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I'm teaching myself Intermediate Language (IL) generation in C#, and I've been stuck-for-a-couple-of-hours-which-seem-like-days on how to reference System.Windows.Forms.dll (for example) from a dynamic assembly, which I'm generating using AppDomain.CurrentDomain.DefineDynamicAssembly and System.Reflection.Emit... based on the most-excellent-example at http://olondono.blogspot.com/2008/02/creating-code-at-runtime.html

I've got a basic TransferObjectDllGenerator working, but now I'd like to reference existing libraries from (only) within the generated assembly, and can't figure out how.

This SO question lead me to the AppDomain.CurrentDomain.AssemblyResolve event. I tried implementing an event handler but it's never triggered, so I guess I've done something basically dumb, like put the event handler in completely the wrong place?

Any pointers in the right direction would be greatly appreciated.

Here's my mainline... the interesting bits are // <<-- Commented thus

using System;
using System.Reflection;
//using System.Windows.Forms; (and removed the project's Reference to System.Windows.Forms)

namespace ILGen
{
/// <summary>
/// Generates .\bin\$whatever\PersonLibrary.dll containing MSIL equivalent to:
///   namespace PersonLibrary {
///     public class Person {
///       public string FirstName { get; set; }
///       public string LastName { get; set; }
///       public Person() { }
///       public Person(string firstname, string lastname) {
///         FirstName = firstname;
///         LastName = lastname;
///       }
///     } //end-class
///   } //end-namespace
/// </summary>
public class Program
{
    public static void Main(String[] args) {
        AppDomain.CurrentDomain.AssemblyResolve += MyAssemblyResolver; // <<-- Hook the "resolve this assembly" event.
        try {
            var dll = new TransferObjectDllGenerator("PersonLibrary");
            dll.AddClass("Person", new[] {
                new Property("FirstName", typeof(string))
              , new Property("LastName", typeof(string))
              , new Property("OK", Type.GetType("System.Windows.Forms.Button")) // <<-- References System.Windows.Forms.dll; Type.GetType returns null.
            });
            Console.WriteLine("Generated: " + dll.Save());
        } finally {
            AppDomain.CurrentDomain.AssemblyResolve -= MyAssemblyResolver; // <<-- Unhook the "resolve this assembly" event.
        }
    }

    static Assembly MyAssemblyResolver(object sender, ResolveEventArgs args) // <<-- Handle the "resolve this assembly" event.
    {
        if ( args.Name.StartsWith("System.Windows.Forms.") ) // <<-- Breakpoint here, which is never reached.
            return Assembly.LoadFrom(@"C:\Windows\winsxs\msil_system.windows.forms_b77a5c561934e089_6.0.6001.22230_none_1a2132e45d2f30fc\System.Windows.Forms.dll");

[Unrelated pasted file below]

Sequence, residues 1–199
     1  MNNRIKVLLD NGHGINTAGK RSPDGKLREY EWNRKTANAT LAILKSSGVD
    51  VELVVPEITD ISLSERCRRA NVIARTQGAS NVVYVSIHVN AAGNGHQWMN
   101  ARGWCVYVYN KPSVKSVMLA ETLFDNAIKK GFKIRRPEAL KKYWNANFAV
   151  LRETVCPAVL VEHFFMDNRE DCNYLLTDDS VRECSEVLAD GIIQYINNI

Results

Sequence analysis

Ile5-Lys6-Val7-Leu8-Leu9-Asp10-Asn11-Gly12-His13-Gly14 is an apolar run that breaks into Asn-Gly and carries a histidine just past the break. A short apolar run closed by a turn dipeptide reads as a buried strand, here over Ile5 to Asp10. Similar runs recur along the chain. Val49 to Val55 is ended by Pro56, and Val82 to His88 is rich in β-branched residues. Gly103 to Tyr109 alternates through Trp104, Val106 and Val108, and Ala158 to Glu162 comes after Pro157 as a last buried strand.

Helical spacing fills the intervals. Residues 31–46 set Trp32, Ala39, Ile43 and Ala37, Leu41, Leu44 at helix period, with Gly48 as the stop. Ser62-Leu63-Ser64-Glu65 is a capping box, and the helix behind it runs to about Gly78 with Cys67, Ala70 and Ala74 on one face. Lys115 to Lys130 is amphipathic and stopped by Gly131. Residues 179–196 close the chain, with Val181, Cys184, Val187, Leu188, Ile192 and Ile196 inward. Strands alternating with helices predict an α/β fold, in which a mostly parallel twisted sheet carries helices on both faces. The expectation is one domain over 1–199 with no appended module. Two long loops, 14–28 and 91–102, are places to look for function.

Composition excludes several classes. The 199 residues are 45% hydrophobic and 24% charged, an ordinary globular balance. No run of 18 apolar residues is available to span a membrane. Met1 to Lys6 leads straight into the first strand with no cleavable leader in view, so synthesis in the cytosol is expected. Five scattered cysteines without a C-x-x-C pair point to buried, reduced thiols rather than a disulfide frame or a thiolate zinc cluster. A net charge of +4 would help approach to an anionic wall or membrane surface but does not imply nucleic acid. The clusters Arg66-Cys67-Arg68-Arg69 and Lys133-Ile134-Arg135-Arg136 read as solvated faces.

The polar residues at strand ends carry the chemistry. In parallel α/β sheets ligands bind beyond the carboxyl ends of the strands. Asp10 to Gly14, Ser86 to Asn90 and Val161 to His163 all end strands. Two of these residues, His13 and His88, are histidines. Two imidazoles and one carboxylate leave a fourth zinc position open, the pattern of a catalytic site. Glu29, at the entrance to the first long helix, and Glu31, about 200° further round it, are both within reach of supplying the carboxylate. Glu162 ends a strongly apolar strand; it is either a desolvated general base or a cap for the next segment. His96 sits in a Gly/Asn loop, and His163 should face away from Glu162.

return null;
    }
} // end-class
} // end-namespace

If you need/want the TransferObjectDllGenerator code please shout... I haven't posted it because it's a bit too big (IMHO) for a forum post.

Thanks in advance for your time.

Cheers. Keith.


EDIT: To provide a working example for anyone who finds this thread in future.

There is no need to provide a custom AssemblyResolve event handler. That was a phurphy. We just need to provide the fully-qualified-name of the assembly... with one with the assembly-name, namespace, version, and GUID.

using System;
using System.Reflection;

namespace ILGen
{
public class Program
{
    public static void Main(String[] args) {
        var dll = new TransferObjectDllGenerator("PersonLibrary"); 
        // We need to provide the fully-qualified-assembly-name to 
        // make the standard assembly-resolver search the GAC. 
        // Thanks to Julien Lebosquain for pointing this out.
        Type buttonType = Type.GetType(
            "System.Windows.Forms.Button, System.Windows.Forms, Version=2.0.0.0, Culture=neutral, PublicKeyToken=b77a5c561934e089"); 
        dll.AddClass("Person", new[] {
            new Property("FirstName", typeof(string))
          , new Property("LastName", typeof(string))
          , new Property("OK", buttonType) 
        });
        Console.WriteLine("Generated: " + dll.Save());
    }
} // end-class
} // end-namespace
share|improve this question

1 Answer 1

up vote 3 down vote accepted

Type.GetType without an assembly name specified will only search for the type name in the current assembly and in mscorlib.

Try to use the AssemblyQualifiedName of the type. Here for .NET 4:

Type.GetType("System.Windows.Forms.Button, System.Windows.Forms, Version=4.0.0.0, Culture=neutral, PublicKeyToken=b77a5c561934e089")

The default resolver wil search in the GAC and the app domain private path so you should have nothing to do to get the behavior you desire. If you have to customize the resolution, AssemblyResolve or the new Type.GetType overload taking a resolver function in .NET 4 are the way to go. Note that resolving manually from the GAC or winsxs paths is usually a bad idea: let the framwork do its resolving job.

share|improve this answer
    
Thank you Julien, that's exactly what I was missing... I'll update the code now to show what worked. –  corlettk Jul 2 '11 at 11:11

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